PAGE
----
Out with the old, in with the new COVID-19 virus detection method? A faster, more cost-effective, and more sensitive test may soon replace the status quo. Press play to discover:
Brian T. Cunningham is a professor in the Department of Electrical and Computer Engineering at the University of Illinois at Urbana-Champaign, and for the past several months, he’s been working on a novel detection method for the COVID-19 virus that’s faster and more sensitive than the PCR test. How does it work? The method uses engineered nucleic acid molecules that can bind to the spike proteins on the surface of the COVID-19 virus, and capture the virus on a nanostructured surface called a photonic crystal. When light is shined on this surface, the scattering between the light and virus particles is amplified, which then allows for a special microscope to immediately count the number of virus particles present. The COVID-19 virus is detected by virtue of the unique shadow it casts when light is scattered off its surface.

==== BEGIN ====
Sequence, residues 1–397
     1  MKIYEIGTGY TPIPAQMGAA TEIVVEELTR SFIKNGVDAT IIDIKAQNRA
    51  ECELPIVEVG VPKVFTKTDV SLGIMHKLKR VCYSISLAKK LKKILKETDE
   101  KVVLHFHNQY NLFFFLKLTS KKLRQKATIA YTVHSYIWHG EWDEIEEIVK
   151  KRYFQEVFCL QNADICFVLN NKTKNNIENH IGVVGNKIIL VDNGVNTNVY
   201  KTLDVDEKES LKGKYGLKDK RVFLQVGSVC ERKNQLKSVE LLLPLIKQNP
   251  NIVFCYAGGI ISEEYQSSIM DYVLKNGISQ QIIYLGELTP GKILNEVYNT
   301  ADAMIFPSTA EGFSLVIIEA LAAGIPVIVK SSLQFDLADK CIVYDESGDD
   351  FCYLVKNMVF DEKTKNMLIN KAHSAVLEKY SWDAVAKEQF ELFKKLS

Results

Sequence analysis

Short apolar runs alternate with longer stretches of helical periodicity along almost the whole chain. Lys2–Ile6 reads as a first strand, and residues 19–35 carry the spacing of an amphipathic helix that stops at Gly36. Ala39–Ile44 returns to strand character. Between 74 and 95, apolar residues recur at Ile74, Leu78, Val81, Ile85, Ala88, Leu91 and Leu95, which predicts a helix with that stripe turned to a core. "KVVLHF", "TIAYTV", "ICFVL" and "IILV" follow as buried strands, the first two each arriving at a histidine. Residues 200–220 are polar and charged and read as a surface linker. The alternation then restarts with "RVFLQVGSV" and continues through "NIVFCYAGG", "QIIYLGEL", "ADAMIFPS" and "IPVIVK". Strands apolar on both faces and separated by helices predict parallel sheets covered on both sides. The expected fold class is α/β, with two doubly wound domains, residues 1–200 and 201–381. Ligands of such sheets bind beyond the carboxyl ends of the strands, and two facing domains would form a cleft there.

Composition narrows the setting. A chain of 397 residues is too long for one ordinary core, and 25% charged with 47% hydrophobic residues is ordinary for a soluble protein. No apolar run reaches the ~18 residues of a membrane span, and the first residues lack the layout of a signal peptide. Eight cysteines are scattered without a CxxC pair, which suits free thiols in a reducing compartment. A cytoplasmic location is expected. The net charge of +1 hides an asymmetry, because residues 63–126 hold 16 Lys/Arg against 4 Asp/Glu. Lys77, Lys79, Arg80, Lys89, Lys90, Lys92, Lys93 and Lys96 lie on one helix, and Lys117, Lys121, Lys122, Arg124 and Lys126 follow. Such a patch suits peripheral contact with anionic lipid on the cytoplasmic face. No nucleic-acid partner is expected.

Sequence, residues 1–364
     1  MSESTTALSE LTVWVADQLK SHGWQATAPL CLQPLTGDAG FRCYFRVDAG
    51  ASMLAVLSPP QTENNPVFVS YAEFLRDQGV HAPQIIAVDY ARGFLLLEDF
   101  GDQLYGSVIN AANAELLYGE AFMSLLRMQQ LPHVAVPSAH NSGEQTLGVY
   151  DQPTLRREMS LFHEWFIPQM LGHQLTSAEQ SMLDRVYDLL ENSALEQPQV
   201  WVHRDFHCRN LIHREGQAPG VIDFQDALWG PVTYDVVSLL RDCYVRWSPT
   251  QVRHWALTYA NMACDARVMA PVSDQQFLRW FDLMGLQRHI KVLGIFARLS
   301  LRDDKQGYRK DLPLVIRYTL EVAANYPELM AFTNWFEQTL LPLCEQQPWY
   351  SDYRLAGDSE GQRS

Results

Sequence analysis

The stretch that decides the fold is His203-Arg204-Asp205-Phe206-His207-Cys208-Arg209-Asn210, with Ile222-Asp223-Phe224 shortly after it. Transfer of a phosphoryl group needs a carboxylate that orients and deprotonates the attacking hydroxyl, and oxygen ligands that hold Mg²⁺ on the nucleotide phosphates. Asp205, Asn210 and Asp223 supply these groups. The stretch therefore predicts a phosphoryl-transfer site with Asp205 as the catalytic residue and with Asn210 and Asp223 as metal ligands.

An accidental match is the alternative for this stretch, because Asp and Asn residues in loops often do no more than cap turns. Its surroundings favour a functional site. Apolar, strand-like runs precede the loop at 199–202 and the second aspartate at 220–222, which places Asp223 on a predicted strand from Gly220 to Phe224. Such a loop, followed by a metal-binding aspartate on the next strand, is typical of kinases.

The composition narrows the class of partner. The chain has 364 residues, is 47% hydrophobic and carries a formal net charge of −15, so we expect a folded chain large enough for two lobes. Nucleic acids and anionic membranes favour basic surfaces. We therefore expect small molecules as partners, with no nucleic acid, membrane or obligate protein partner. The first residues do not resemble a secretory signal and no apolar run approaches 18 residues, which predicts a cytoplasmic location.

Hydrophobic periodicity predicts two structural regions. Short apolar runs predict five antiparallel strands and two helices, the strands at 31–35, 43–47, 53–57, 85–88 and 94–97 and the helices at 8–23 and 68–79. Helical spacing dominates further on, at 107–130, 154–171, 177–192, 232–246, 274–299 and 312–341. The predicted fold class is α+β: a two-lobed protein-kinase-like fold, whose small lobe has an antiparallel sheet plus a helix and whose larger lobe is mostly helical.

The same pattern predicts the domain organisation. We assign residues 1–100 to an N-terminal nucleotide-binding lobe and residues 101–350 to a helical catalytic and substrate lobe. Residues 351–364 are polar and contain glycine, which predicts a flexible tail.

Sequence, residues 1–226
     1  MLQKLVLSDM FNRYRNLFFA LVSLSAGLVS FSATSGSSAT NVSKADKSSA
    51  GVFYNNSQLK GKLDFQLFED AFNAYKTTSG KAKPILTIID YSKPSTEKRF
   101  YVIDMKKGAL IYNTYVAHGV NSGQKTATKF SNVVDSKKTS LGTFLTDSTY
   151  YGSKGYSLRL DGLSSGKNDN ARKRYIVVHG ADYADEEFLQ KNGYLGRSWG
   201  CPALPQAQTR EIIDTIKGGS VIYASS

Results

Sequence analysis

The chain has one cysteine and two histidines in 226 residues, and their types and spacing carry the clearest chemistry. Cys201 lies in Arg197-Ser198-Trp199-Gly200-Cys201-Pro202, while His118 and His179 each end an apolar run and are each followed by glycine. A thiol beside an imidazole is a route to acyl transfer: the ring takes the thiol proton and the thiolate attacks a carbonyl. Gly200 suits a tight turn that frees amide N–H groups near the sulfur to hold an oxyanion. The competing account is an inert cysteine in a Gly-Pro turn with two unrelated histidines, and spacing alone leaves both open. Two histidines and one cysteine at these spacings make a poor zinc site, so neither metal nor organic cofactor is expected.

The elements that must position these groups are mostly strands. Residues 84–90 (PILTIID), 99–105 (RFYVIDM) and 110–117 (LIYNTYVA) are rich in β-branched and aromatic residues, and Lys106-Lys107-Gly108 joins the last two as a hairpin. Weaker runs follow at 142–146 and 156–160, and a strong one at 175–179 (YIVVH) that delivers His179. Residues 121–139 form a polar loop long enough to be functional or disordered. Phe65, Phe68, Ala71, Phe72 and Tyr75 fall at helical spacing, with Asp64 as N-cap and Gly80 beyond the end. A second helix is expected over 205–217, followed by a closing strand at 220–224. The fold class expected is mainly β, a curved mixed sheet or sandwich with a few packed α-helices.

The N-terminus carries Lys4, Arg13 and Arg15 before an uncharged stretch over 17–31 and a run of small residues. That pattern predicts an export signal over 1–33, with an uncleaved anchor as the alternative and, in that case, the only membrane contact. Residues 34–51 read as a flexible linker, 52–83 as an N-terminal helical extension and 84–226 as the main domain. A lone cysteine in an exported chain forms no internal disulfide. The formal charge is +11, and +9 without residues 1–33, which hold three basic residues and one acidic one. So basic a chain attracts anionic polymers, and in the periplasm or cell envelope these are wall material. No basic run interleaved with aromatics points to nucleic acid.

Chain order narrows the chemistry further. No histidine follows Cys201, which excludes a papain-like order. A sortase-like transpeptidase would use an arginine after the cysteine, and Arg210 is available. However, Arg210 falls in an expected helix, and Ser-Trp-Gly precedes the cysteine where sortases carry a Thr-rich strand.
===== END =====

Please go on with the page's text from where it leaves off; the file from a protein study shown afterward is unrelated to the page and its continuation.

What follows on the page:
Initially, this method had actually been published for the detection of the Zika virus, and when COVID-19 hit, Cunningham and his team began adapting the method to detect the COVID-19 virus. The same method is also being used for HIV viral load monitoring, which is a proposal that’s recently been funded by the NIH.
A paper submitted to Nature Communications detailing the method was just accepted, which means it will soon be published and available to the public.
Press play for all the details and visit http://nano.illinois.edu/ to learn more.
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